In Guelph, the city named the 50m swimming pool in honour of Victor Davis.


Davis's life, death and legacy were remembered in Victor, a two-hour biographical drama film that was written by the Canadian former swimmer Mark Lutz, who also appeared in the title role.[9]

Career highlights

1982 World Aquatics ChampionshipsGuayaquil, Ecuador

  • Gold medal – 200 m breaststroke (world record 2:14.77, breaking the old record of 2:15.11 set by David Wilkie in 1976)
  • Silver medal – 100 m breaststroke

1982 Commonwealth GamesBrisbane, Australia

  • Gold medal – 200 m Breaststroke
  • Silver medal – 100 m Breaststroke

1984 Canadian Olympic TrialsEtobicoke, Ontario, Canada

  • Won the 200 m breaststroke (broke his own world record with a time of 2:14.58, bettering his 1982 time)

1984 Summer Olympics – Los Angeles, United States

  • Gold medal – 200 m breaststroke (established world record at 2:13.34, lowering his own 1984 record time)
  • Silver medal – 100 m breaststroke
  • Silver medal – 4 × 100 m medley relay

1986 Commonwealth GamesEdinburgh, Scotland

  • Gold medal – 4 × 100 m medley relay
  • Gold medal – 100 m breaststroke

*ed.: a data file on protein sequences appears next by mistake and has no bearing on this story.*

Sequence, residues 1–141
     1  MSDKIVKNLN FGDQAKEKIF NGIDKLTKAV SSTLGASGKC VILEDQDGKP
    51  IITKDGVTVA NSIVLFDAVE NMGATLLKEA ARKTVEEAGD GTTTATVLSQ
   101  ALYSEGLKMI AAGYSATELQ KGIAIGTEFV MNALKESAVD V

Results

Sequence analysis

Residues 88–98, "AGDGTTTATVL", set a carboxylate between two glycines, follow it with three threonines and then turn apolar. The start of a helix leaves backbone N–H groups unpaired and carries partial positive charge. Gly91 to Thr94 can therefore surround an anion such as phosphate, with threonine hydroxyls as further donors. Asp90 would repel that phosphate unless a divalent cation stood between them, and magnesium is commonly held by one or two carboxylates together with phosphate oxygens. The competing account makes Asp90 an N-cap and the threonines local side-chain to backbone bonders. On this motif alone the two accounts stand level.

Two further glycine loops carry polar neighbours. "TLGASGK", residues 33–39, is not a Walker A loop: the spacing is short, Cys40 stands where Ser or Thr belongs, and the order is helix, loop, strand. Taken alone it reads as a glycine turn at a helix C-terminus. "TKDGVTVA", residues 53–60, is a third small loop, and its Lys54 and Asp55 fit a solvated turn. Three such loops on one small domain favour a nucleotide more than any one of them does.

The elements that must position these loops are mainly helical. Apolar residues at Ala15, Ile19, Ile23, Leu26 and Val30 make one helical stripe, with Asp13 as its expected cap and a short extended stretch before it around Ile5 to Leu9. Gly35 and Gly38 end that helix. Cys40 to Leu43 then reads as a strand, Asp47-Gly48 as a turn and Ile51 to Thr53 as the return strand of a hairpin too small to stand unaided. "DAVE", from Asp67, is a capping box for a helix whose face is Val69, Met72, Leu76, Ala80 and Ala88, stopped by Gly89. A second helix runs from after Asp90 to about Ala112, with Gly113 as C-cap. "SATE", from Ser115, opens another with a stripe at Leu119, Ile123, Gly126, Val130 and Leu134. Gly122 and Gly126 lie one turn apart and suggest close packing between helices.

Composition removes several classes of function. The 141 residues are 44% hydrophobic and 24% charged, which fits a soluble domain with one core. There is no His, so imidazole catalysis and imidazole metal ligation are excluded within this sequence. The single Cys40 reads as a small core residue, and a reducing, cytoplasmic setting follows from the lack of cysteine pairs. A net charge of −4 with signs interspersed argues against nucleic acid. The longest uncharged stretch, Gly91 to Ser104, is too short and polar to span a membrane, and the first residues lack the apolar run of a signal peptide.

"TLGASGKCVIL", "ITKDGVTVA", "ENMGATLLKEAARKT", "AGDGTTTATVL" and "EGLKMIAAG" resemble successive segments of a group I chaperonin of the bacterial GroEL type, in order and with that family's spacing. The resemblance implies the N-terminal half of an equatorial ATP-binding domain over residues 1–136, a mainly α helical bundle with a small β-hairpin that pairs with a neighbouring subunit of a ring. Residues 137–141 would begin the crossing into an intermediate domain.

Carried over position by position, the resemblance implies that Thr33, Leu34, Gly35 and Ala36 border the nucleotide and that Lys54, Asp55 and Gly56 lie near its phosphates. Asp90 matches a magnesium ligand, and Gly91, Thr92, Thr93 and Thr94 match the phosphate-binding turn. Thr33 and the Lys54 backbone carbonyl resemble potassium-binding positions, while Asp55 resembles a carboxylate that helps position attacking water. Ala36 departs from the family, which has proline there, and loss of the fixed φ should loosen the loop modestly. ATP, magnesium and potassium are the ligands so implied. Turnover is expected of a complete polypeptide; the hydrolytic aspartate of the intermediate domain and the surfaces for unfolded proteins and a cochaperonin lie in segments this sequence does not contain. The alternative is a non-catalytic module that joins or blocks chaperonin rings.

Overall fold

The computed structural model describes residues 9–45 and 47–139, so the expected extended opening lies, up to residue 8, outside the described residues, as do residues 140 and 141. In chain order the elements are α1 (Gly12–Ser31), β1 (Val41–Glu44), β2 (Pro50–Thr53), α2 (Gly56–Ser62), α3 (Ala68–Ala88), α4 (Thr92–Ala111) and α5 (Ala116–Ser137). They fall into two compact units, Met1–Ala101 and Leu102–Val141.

• Silver medal – 200 m breaststroke

1986 World Aquatics ChampionshipsMadrid, Spain

  • Gold medal – 100 m breaststroke
  • Silver medal – 200 m breaststroke

1988 Summer OlympicsSeoul, South Korea

  • Silver medal – 4 × 100 m medley relay (1.00.90 split)
  • Fourth place – 100 m breaststroke (1.02.38)

Canadian National Championships (including separate trials meets)

  • 17-time national champion, 100 m breaststroke
  • 14-time national champion, 200 m breaststroke
  • 2-time national champion, 200 m butterfly
  • 2-time national champion, 200 m individual medley
  • 1 national championship, 400 m individual medley

See also


  1. "Order of Canada - Victor Davis". Governor General of Canada. Archived from the original on 24 September 2015.
  2. International Swimming Hall of Fame, Honorees, Victor Davis (CAN). Retrieved March 16, 2015.
  3. Almond, Elliott (November 14, 1989). "Swimmer Victor Davis, 25, Dies of Injuries". Los Angeles Times.
  4. Woods, Allan. "Man who killed Victor Davis in 1989 charged in 2016 death". Toronto Star. Retrieved January 10, 2017.
  5. The – News – Victor Davis memory lives on through brother’s efforts
  6. Wilton, Katherine (September 9, 2019). "Driver who fatally hit Victor Davis pleads guilty in death of senior". Montreal Gazette. Retrieved October 8, 2019.
  7. Swimming Canada page for the Victor Davis Memorial Fund. A list of recipients can be accessed from this page.
  8. "Victor Davis". Ontario Sports Hall of Fame. Retrieved 25 September 2014.
  9. "Victor: His Name, His Mission"., Inc. 1 Oct 2009. Retrieved 11 Jan 2017.
Preceded by
David Wilkie
Men's 200-metre breaststroke
world record-holder (long course)

August 5, 1982 – August 4, 1989
Succeeded by
Mike Barrowman